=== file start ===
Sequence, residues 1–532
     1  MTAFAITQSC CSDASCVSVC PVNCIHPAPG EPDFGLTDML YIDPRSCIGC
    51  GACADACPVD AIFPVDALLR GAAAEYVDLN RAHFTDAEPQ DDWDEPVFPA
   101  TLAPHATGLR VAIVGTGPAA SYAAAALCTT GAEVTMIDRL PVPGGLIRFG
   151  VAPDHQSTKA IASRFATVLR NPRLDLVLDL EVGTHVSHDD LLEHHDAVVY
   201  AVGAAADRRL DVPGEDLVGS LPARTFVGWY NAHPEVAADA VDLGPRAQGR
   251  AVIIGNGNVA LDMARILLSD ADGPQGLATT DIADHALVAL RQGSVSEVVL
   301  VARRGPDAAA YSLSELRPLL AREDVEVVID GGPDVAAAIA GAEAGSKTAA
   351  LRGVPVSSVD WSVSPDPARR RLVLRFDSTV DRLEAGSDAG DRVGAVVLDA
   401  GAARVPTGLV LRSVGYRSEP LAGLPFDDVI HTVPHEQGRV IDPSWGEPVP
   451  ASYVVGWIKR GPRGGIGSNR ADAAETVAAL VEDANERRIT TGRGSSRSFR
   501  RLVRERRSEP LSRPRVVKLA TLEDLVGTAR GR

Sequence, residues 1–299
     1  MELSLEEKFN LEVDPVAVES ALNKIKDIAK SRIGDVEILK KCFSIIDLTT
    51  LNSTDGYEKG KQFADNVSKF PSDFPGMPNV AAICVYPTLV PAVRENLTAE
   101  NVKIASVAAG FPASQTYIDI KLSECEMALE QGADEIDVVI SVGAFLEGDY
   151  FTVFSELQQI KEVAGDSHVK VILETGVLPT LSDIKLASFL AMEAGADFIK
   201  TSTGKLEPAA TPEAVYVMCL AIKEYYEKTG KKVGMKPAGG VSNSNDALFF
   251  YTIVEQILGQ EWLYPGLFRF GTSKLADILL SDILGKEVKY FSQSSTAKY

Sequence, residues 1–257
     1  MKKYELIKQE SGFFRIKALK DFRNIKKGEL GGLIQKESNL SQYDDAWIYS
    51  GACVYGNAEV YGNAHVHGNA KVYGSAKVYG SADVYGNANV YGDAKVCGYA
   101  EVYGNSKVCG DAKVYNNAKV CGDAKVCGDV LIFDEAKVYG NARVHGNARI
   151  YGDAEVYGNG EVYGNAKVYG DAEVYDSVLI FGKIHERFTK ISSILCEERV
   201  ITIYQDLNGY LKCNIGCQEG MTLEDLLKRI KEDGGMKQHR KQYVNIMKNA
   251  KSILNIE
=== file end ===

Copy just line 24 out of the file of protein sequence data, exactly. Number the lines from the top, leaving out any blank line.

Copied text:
   151  YGDAEVYGNG EVYGNAKVYG DAEVYDSVLI FGKIHERFTK ISSILCEERV